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Seashells on the Beach | Collecting Sea Shells | Rare Seashells

What can you do when you're on the beach and you just aren't finding any sea glass?

Seashells on the Beach - The Wonderful World of Seashells

If you aren't finding sea glass, there's a lot of things you COULD do. Jog, throw the Frisbee, chase sea gulls, go to sleep...

However, if you're like us, you start looking for anything unusual or rare that's on the beach. It Doesn't really matter what it is; strange fish washed up on the beach, bits of driftwood, coral, and, of course, sea shells.

That's how Lin and I started collecting sea shells.

Lin wrote a post about this in 2011. Here's the story she told then while living in Los Organos, Peru

"I remember on one of our first treks on the beach here in Los Organos finding a large cowry shell in excellent condition between the rocks. 

It's the largest shell I've ever found in my life. 

I was flabbergasted because usually the shells here get broken up on all the rocks and don't make it intact to the beach, not that size anyway. 

Even the locals said that was a pretty rare sea shell to find on the beach.

So, I was pretty proud of myself. 

David and I are total amateurs in regard to conchology (the branch of zoology dealing with shells). 

However, although we may not know the kind or class of shells, we do know that we're enthralled with the colors, sizes, and shapes that we find. 

This has really been great where we are living now."

~ Lin

Seashells on the Beach - A Great Addition to Collecting Sea Glass

Punta Veleros, the point next to the beach town we lived in here in Peru from 2010 to 2011, goes from one extreme to the other as far as beach glass collecting, ranging from pretty good to very poor.

In our first year here, by March we had found around 50 pieces of really good beach glass, some of it pretty rare. 

Even though we didn't consider it a good sea glass beach in general, it turned up many very good colors and quality plus some rare finds such as a first ever (for us) old glass trade bead. 

However, during the year of this post (2011) we found almost zip, zero, nada, as far as beach glass goes. Why? 

Because of the "La Nina" weather pattern, there was a lack of any strong waves or currents along the shore, and the sand did not wash away to expose the rocky floor (see What Makes a Good Seaglass Beach). 

The seaglass remained buried beneath tons of sand.

So collecting sea shells provided us with a lot of fun while still looking for the rare beach glass. 

How we got started, progressively:

  • Looked for scarce seaglass and picked up interesting pebbles.
  • Picked up the larger intact shells.
  • Picked up medium and small shells.
  • Since we would just take them home and throw the smaller ones in a jar or baggy, we just assumed we were collecting many of the same type of shell within a few varieties.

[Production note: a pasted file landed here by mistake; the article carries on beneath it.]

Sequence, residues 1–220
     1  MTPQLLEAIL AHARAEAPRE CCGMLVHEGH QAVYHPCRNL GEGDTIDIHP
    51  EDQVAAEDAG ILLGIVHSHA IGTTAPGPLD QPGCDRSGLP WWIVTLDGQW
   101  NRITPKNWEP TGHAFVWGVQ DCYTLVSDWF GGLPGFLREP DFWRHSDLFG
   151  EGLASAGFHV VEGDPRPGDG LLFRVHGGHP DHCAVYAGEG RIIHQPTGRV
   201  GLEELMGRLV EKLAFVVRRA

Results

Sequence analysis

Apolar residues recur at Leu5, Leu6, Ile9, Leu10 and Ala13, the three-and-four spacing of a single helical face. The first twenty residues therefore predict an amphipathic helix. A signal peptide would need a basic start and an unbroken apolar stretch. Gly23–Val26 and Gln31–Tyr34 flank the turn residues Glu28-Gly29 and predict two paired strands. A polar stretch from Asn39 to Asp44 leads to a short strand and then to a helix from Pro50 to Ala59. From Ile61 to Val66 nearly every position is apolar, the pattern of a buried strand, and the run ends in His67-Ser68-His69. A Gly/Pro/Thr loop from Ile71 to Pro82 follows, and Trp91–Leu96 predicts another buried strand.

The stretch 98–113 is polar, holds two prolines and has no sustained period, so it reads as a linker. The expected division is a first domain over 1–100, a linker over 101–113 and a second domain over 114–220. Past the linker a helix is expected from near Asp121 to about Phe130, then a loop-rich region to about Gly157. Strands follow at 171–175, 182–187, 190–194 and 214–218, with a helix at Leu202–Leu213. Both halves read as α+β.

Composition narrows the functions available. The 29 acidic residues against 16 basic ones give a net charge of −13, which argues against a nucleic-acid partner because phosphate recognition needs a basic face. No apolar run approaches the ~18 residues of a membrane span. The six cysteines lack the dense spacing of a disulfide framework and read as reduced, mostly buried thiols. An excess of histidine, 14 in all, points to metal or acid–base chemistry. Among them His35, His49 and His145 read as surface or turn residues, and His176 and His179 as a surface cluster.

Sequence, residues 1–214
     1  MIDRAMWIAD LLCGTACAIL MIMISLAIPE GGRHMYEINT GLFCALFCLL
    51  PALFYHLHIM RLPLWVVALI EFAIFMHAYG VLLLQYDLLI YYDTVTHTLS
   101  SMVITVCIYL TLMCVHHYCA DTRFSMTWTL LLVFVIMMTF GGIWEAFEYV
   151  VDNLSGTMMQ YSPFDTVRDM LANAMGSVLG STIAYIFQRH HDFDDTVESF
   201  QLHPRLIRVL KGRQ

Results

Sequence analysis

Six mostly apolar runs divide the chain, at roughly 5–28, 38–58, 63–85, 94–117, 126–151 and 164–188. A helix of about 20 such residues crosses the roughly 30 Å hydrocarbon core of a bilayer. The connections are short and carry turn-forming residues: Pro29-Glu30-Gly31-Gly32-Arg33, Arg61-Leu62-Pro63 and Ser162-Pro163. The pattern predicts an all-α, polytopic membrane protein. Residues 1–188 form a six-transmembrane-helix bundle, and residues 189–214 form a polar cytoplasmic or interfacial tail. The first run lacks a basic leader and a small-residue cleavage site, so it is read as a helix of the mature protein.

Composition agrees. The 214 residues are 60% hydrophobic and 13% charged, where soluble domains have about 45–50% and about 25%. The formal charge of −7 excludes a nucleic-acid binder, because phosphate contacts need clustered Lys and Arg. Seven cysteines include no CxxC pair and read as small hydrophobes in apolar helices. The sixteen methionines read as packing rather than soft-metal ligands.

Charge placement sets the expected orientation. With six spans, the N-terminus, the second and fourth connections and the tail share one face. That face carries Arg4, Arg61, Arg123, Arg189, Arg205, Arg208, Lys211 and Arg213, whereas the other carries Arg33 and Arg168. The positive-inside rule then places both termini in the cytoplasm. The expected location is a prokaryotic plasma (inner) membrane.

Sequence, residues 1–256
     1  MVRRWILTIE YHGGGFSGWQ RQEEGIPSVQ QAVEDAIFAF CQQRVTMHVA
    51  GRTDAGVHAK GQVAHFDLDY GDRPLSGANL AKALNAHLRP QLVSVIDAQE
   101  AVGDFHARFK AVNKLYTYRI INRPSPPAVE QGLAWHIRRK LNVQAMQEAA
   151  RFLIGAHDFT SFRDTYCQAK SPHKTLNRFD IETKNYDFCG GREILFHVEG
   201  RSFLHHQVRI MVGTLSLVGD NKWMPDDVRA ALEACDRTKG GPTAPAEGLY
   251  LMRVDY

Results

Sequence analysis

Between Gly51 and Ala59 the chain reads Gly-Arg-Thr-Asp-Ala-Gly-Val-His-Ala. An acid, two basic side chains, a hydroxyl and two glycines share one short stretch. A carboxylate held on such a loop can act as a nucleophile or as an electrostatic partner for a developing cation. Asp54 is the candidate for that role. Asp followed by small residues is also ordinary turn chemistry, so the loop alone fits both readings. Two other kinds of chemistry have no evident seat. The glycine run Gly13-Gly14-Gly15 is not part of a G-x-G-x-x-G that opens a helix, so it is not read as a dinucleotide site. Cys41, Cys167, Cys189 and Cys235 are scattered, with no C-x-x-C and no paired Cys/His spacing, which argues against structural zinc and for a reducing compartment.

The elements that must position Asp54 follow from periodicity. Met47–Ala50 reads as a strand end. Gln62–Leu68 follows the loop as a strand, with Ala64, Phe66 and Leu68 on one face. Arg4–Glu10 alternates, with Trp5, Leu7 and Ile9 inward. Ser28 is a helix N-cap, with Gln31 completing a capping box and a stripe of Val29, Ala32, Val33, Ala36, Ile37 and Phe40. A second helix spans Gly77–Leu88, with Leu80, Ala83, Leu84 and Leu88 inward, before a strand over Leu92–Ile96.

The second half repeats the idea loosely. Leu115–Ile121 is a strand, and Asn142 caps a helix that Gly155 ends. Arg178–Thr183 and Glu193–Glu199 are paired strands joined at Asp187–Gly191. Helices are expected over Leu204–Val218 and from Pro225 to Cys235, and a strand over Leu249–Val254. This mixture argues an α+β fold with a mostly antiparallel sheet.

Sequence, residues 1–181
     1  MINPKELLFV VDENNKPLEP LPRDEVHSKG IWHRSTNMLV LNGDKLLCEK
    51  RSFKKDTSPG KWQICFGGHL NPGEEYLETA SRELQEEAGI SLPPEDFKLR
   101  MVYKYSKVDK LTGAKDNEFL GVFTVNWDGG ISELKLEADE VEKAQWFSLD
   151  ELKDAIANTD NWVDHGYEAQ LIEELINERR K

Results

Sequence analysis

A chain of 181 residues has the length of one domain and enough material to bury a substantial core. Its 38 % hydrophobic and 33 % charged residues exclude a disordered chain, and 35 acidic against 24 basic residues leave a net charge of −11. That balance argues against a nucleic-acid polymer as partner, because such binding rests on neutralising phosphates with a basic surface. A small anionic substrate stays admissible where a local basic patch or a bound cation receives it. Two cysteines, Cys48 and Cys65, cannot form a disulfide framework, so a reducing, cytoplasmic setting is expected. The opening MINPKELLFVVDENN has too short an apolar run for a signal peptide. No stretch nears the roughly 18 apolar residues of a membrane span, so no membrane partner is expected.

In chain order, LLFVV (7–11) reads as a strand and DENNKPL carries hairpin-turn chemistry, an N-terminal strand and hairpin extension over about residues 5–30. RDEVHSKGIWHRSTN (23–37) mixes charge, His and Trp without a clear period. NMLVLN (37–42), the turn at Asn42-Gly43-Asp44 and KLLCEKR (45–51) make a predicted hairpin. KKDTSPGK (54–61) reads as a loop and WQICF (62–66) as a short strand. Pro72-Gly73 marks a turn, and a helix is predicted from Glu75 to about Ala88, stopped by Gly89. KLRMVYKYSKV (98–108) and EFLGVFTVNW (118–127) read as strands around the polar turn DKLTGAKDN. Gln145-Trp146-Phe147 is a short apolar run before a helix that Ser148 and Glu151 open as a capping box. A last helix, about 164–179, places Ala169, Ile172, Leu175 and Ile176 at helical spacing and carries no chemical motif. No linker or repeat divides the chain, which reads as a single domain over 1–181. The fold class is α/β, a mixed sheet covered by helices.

It wasn't until we started spreading them out on the work table that we saw the incredible (to us) assortment found haphazardly during our walks.

Collection of seashells in Los OrganosPart of our collection of seashells in Los Organos

There's such a variety of seashells on the beach here. I know there are other places with much more, including some rare seashells.

So now, it doesn't matter too much if there isn't any seaglass that day; collecting sea shells on the beach keeps us entertained...and little crabs, seahorses, driftwood, coral, and the ever-growing mountain of pebbles. 

Of course, sea glass is the main reason for our beach hikes but it is just so interesting to find other objects as well.

Collecting Sea Shells - Rare Seashells?

Have any of you ever looked up sea shells on the Internet? 

We found a good site, Conchology.be, that deals mainly with shells from the Philippines, but the photos (over 100,000) are from different places and the photos and information are outstanding. You can get an idea there of the more rare seashells.

They've got a full-on encyclopedia with the kind, the class, and the families of sea shells broken down by marine, land, and water and best of all, with photos. If you get a chance, take a look. 

For instance, we learned that our big cowry shell is from the family of Cypraeidae. 

After that, we're lost. From the Family name, we can narrow it down to genus that looks like our cowry shell but the species is anybody's guess since they look a lot alike to us. 

Could it be a Chelycypraea testudinaria Dark or a Chelycypraea testudinaria Giant or maybe even a Chelycypraea Staphylaea semiplota? 

Don't know but we're sure having fun looking at the pictures, and we love the sound of those exotic names.  

Also, in the Facebook comments below, Paula Forsling Flores states, "The Burke Museum at the University of Washington (State of Washington, USA) can help identify shells via emails and pictures."

So we'll try that and see if they will help us even though we aren't living in the State of Washington at the present time.

By the way, are there any knowledgeable sea shell folks out there? We'd love to hear from you on the formal names of our finds. 

 I wonder if they will ever come up with a scientific name for sea glass???


David and Lin Schneider


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